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Just Launched: Playlist Showcases 36 SBIR-funded “Games for Learning”

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Just Launched: Playlist Showcases 36 SBIR-funded “Games for Learning”

By Javier Saade, Former SBA Official
Published: October 8, 2014

Note: This blog is co-authored by Javier Saade, Ed Metz, Betty Royster, and Lindsay D'Ambrosio

The Small Business Innovation Research (SBIR) and Small Business Technology Transfer (STTR) programs are the largest source of early-stage capital for innovative small companies in the United States. Via these programs, the federal government invests over 2 billion dollars in American entrepreneurial firms to develop and commercialize technologies that strengthen our nation's defense, improve the health of our citizens, and enhance education.

Javier Saade, Associate Administrator of SBA’s Office of Investment and Innovation, which oversees both programs across the federal government describes it simply as “America’s seed fund.”

“The programs essentially help ‘de-risk’ technology ideation, conception, and development so that eventually private capital and industry help these small businesses take the ball further and commercialize the wide array of technologies funded,” he added. 

The programs reduce barriers to high-growth technology-based entrepreneurship and commercially viable inventions and products. Combining technological research and development with a commercial purpose helps grantees become the next Qualcomm, Genentech, Symantec, Z-Corporation, or iRobot – all recipients of SBIR/STTR capital, and leads to technological breakthroughs like 3-D printing, LASIK technology, and the Sonicare toothbrush. For more information on how SBIR works, please visit www.SBIR.gov or see this recent post.

Announcing Two New SBIR/STTR Social Media Initiatives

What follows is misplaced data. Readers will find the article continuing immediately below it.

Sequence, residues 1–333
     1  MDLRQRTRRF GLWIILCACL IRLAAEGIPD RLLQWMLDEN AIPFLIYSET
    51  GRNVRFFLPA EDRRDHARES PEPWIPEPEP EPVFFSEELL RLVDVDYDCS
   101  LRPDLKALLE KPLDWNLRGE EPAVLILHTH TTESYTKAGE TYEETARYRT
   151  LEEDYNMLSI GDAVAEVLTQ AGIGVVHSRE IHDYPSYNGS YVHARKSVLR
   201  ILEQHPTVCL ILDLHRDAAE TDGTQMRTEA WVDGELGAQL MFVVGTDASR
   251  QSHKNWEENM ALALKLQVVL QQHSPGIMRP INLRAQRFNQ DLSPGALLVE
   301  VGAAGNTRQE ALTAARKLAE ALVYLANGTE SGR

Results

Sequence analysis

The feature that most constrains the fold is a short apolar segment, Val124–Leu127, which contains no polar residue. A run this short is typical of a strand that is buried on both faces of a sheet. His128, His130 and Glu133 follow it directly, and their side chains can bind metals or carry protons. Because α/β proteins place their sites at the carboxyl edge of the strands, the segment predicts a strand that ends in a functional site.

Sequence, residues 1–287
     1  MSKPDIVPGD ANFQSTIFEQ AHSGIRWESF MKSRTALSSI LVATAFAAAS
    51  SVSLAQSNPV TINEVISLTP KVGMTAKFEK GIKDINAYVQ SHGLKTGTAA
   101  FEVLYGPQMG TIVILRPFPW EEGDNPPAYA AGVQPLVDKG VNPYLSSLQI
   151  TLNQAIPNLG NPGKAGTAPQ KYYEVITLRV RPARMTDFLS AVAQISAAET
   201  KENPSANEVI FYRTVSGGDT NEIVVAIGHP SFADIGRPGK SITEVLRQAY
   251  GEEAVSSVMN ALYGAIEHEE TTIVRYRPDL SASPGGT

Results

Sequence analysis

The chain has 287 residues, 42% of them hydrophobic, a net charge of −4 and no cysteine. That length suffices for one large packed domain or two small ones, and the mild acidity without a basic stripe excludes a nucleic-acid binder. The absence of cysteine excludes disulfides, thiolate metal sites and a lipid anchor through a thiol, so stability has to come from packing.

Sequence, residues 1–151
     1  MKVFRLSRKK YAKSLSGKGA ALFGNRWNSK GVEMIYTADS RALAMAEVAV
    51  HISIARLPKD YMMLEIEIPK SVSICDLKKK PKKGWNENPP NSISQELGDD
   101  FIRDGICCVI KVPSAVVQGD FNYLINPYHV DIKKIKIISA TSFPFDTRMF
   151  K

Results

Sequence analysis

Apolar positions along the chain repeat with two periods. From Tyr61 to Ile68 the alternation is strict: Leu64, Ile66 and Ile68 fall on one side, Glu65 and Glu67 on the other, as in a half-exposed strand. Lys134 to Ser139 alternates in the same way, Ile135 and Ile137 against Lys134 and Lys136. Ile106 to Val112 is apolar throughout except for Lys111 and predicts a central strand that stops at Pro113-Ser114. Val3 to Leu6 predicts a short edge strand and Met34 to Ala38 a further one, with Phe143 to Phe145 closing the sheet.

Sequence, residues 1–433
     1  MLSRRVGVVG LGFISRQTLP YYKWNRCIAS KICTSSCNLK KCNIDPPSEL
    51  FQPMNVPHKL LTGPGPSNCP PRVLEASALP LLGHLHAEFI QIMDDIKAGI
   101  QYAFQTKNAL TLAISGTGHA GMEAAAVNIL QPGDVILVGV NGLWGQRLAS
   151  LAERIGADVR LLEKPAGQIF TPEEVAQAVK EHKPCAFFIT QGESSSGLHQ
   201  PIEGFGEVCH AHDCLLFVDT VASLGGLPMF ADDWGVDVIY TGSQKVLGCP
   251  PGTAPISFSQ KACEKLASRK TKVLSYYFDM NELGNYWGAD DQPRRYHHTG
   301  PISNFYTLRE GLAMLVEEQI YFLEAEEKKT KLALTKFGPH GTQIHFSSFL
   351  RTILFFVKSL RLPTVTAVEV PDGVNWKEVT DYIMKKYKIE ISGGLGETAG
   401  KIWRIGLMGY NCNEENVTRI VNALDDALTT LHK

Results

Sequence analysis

As representatives of SBIR, we are blogging today to announce two initiatives that highlight areas of technological innovation where the program is making an impact.

First, we are leveraging the Twitter handle @SBAgov as well as the hashtag #SBIR to post timely news articles and resources on behalf of the 11 federal agencies that operate SBIR programs. Stay connected and follow us!

Second, we are launching "SBIR Video Playlists" to highlight themes emerging from the program. Playlist #1 (see below) includes 36 “Games for Learning" developed with funding support across nine different SBIR programs. 

More playlists are in the pipeline in the coming months, so stay tuned.

SBIR YouTube Playlist #1: Games for Learning

Game-based learning is gaining popularity as more and more students and adults play and learn from games in and out of the classroom. Well-designed games can motivate learners to actively engage in challenging tasks, master content, and sharpen critical thinking and problem solving skills. Key features of games that may have the greatest potential to impact student learning include: exciting narratives and rich video-game quality graphics, challenging discovery-based tasks, adaptive supports that adjust to and support individual learners, formative assessment data that guides instruction, and competition and rewards.

SBIR Program as a Catalyst in the Games for Learning Movement

The meteoric rise and popularity of web-based handheld and tablet devices has enabled game-playing anywhere and at any time, providing an expanded market for entrepreneurial developers interested in producing education-related titles.  In recent years, SBIR has become a go-to funding source for many developers entering the games for learning space in areas including education, military, and health.

In particular, the U.S. Department of Education’s Institute of Education Sciences’ (ED/IES) SBIR program has gained a reputation for attracting and supporting innovative game developers such as:

Games for learning are making their presence known across other SBIR programs as well, including at the National Science Foundation, the National Institutes of Health, the Defense Advanced Research Project Agency (DARPA), and the Department of Defense. In 2013, two SBIR programs (IES/ED and DARPA) even collaborated on a joint solicitation with education games as the focus.

SBIR-funded games for learning are front and center at stakeholder events. During the recent ED Games Week in Washington, D.C., hosted by The White House’s Office of Science and Technology Policy and the U.S. Department of Education, SBIR-funded developers participated in an Expo, Workshop, and Games Jam to highlight the emergence and promise of games.